20. Standardisation of the USGS Volcano Alert Level System (VALS): analysis and ramifications

    Science.gov (United States)

    Fearnley, C. J.; McGuire, W. J.; Davies, G.; Twigg, J.

    2012-11-01

    The standardisation of volcano early warning systems (VEWS) and volcano alert level systems (VALS) is becoming increasingly common at both the national and international level, most notably following UN endorsement of the development of globally comprehensive early warning systems. Yet, the impact on its effectiveness, of standardising an early warning system (EWS), in particular for volcanic hazards, remains largely unknown and little studied. This paper examines this and related issues through evaluation of the emergence and implementation, in 2006, of a standardised United States Geological Survey (USGS) VALS. Under this upper-management directive, all locally developed alert level systems or practices at individual volcano observatories were replaced with a common standard. Research conducted at five USGS-managed volcano observatories in Alaska, Cascades, Hawaii, Long Valley and Yellowstone explores the benefits and limitations this standardisation has brought to each observatory. The study concludes (1) that the process of standardisation was predominantly triggered and shaped by social, political, and economic factors, rather than in response to scientific needs specific to each volcanic region; and (2) that standardisation is difficult to implement for three main reasons: first, the diversity and uncertain nature of volcanic hazards at different temporal and spatial scales require specific VEWS to be developed to address this and to accommodate associated stakeholder needs. Second, the plural social contexts within which each VALS is embedded present challenges in relation to its applicability and responsiveness to local knowledge and context. Third, the contingencies of local institutional dynamics may hamper the ability of a standardised VALS to effectively communicate a warning. Notwithstanding these caveats, the concept of VALS standardisation clearly has continuing support. As a consequence, rather than advocating further commonality of a standardised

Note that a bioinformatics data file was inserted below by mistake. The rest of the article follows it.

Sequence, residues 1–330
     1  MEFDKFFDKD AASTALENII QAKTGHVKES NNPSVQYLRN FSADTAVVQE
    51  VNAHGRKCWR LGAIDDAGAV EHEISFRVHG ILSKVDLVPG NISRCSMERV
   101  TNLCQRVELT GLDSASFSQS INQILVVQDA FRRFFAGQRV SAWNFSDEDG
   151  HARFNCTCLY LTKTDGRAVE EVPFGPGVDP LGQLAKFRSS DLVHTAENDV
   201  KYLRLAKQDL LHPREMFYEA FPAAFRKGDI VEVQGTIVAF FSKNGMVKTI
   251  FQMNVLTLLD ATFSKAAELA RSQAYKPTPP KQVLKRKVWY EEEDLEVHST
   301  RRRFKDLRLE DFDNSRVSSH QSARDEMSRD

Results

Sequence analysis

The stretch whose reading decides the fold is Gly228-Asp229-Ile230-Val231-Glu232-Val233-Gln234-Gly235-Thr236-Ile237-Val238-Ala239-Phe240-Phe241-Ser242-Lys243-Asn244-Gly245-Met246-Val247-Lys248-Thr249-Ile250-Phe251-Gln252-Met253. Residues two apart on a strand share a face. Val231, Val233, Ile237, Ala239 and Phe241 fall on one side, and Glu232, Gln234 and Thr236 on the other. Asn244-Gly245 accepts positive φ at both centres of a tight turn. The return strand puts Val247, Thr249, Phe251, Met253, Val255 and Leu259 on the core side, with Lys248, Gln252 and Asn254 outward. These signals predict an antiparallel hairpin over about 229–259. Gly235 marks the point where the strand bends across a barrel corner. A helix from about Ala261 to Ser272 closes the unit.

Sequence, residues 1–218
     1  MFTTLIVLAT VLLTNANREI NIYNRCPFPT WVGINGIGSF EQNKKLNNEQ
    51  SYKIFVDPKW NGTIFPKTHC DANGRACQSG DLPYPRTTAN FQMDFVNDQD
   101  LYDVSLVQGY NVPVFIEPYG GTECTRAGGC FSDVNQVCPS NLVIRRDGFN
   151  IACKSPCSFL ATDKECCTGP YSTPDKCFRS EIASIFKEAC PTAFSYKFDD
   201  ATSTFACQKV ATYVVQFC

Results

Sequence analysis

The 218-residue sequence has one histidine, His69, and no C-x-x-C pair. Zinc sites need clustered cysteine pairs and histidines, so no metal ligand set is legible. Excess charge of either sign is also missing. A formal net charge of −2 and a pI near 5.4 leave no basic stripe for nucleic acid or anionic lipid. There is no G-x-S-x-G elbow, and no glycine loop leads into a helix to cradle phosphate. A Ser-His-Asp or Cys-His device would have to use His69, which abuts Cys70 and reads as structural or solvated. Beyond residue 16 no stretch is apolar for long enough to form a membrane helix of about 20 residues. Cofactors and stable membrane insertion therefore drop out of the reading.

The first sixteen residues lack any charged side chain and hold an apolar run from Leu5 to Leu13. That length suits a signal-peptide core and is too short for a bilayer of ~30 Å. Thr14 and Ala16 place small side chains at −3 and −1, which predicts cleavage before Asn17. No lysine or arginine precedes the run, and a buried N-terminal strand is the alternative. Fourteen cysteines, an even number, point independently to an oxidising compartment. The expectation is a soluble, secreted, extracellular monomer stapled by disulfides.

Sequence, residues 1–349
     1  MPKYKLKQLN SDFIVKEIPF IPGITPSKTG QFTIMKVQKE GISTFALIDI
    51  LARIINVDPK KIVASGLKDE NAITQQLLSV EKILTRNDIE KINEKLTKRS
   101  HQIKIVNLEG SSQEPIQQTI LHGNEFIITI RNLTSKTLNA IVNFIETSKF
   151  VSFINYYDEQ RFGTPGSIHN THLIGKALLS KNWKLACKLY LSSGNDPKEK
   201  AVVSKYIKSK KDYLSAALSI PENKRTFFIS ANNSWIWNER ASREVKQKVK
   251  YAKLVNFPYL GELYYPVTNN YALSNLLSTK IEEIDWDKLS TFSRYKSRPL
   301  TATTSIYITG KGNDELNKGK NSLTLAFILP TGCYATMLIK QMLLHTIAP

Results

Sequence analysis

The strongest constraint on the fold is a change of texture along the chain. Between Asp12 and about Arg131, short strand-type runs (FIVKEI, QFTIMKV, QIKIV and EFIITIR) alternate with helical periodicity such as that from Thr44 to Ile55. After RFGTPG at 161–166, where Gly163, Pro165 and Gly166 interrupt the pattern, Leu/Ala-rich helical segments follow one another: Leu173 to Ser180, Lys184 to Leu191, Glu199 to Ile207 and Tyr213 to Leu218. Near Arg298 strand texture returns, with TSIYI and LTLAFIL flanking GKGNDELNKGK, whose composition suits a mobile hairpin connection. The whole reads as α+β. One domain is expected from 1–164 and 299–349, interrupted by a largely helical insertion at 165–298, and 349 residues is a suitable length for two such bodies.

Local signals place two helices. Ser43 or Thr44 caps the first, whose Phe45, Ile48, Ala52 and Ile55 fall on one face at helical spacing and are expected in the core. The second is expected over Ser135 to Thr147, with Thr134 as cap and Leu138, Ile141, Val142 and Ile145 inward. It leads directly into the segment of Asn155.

1. GSM module for wireless radiation monitoring system via SMS

    Science.gov (United States)

    Rahman, Nur Aira Abd; Hisyam Ibrahim, Noor; Lombigit, Lojius; Azman, Azraf; Jaafar, Zainudin; Arymaswati Abdullah, Nor; Hadzir Patai Mohamad, Glam

    2018-01-01

    A customised Global System for Mobile communication (GSM) module is designed for wireless radiation monitoring through Short Messaging Service (SMS). This module is able to receive serial data from radiation monitoring devices such as survey meter or area monitor and transmit the data as text SMS to a host server. It provides two-way communication for data transmission, status query, and configuration setup. The module hardware consists of GSM module, voltage level shifter, SIM circuit and Atmega328P microcontroller. Microcontroller provides control for sending, receiving and AT command processing to GSM module. The firmware is responsible to handle task related to communication between device and host server. It process all incoming SMS, extract, and store new configuration from Host, transmits alert/notification SMS when the radiation data reach/exceed threshold value, and transmits SMS data at every fixed interval according to configuration. Integration of this module with radiation survey/monitoring device will create mobile and wireless radiation monitoring system with prompt emergency alert at high-level radiation.

  2. Radiation enteritis

    International Nuclear Information System (INIS)

    Ochsner, S.F.; Head, L.H.

    1973-01-01